It's a long, strange trip, a little bit spooky even.

On the left you pass the cutely named but disappointing Queensbridge Baby Park, which alas is just a grungy handball court but for some reason gets its own Parks Department name. In fact, according to the Parks Department website, this facility and thus I assume the whole strange grassland is technically part of Queensbridge Park.

But most of the area along the grassy corridor's left-hand perimeter is closed off, and there must be something really valuable – or really evil – there. I was struck by the incongruity of the friendly Parks Department maple leaf together with the threatening KEEP OUT indicators.

And I hadn't even gotten to the park proper yet. But as I walked, a vista opened up indicating that Queensbridge Park was finally near.

The interior was a hive of activity on this sunny spring weekend, with the smell of cookouts and the sounds of semi-live music.

To go with the many interesting human personalities populating the park, there are bird patterns worked into the backstop fences. I always like these when I come across them in the parks.

And there are some trees with personality, like this one.

But observe the fence in the photo above. It runs alongside the whole riverside edge of the park, keeping visitors from what is to me Queensbridge Park's most significant feature – its waterfront. From a distance, through the fence, you can see how nice it'll be when access is restored.

For now, it's just a dream, as seawall construction continues. The work began in May 2013 and was expected to take a year.

Last year, too, the local City Council member announced funding to renovate the Park House, which, from the outside, is one of the odder-looking buildings you'll see in New York City parks.

You can't get to the water right now, but you can sure see the span that crosses it. Not to mention the Empire State Building and the Chrysler Building.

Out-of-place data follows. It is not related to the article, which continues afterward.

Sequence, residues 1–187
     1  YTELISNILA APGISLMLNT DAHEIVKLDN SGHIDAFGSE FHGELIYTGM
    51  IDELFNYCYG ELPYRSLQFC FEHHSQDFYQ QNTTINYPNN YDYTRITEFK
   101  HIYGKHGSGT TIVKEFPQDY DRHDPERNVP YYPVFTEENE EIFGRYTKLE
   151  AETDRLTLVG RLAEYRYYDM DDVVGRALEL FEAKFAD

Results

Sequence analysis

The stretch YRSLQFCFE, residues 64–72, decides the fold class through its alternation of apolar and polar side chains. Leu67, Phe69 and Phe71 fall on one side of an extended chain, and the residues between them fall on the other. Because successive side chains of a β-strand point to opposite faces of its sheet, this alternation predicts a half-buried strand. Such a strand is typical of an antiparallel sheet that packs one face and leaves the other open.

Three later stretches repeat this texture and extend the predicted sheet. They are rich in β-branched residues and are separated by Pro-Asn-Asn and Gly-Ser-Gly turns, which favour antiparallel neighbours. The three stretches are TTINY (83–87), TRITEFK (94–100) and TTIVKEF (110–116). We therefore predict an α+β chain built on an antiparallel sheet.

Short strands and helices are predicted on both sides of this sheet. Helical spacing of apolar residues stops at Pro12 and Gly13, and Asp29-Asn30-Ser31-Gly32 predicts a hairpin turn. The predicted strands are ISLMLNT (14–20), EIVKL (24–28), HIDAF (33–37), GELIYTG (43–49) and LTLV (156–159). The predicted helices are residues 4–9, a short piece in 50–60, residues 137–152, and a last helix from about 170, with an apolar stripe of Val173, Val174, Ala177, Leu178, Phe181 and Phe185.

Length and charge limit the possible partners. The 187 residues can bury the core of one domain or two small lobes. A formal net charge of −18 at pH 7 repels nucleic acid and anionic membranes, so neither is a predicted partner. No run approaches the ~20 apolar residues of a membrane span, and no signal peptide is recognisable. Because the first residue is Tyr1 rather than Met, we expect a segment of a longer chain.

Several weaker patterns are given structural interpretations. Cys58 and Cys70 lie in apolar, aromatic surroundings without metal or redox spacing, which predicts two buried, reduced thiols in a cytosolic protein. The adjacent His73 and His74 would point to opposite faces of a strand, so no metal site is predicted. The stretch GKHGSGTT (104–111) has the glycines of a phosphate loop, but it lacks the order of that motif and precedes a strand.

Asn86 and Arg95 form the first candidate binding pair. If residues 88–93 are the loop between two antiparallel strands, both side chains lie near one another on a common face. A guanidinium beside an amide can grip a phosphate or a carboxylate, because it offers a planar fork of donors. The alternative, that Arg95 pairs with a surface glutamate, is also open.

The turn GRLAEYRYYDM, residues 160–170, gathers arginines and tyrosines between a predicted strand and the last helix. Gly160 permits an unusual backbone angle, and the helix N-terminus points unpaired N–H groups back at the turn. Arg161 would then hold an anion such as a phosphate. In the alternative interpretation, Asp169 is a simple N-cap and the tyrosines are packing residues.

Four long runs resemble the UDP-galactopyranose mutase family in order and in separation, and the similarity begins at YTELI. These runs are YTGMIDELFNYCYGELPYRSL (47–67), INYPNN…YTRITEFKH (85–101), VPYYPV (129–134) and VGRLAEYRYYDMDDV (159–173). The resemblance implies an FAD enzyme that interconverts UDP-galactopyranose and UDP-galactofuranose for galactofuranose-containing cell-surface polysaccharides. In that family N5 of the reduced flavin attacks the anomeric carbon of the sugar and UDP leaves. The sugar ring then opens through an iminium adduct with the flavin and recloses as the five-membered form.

So give a thought to Queensbridge Park next time you cross the 59th Street Bridge, or just hear the song.

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Thursday, June 12, 2014

Sixteen Oaks Grove

This curious little park in Long Island City, Queens is called Sixteen Oaks Grove for a literal reason: namely, the 16 oaks trees that line it. Its location in a very unpicturesque part of town is precisely what made it an intriguing find for me. And "grove" is exactly the right word for it.

The oaks themselves seem to be in good condition. The paving stones, well – not so much.

A previous day's rain has nowhere to go on this stretch of adjacent street.

Nonetheless, several locals were taking advantage of the clear springtime weather on this particular Sunday to soak in some relatively fresh air on the benches.

I've noted before on this blog how many New York City parks memorialize World War One doughboys in one way or another. Sixteen Oaks Park is a strange case of a memorial that is no more. The Parks Department website tells us that the city obtained the land in two parcels, one in 1913 and the other in 1932, and that when it was put under the authority of the Parks Department in 1939 it was named after Leo Placella, a Long Island City native and soldier in Company F of the 4th Infantry, who died overseas of broncho-pneumonia shortly before the 1918 armistice.

Why, I wonder, was Placella's name later wiped off the map in favor of the mighty oaks?

Might as well ask Hercules, whose club, the Parks Department website also informs us, was according to legend "fashioned from oak."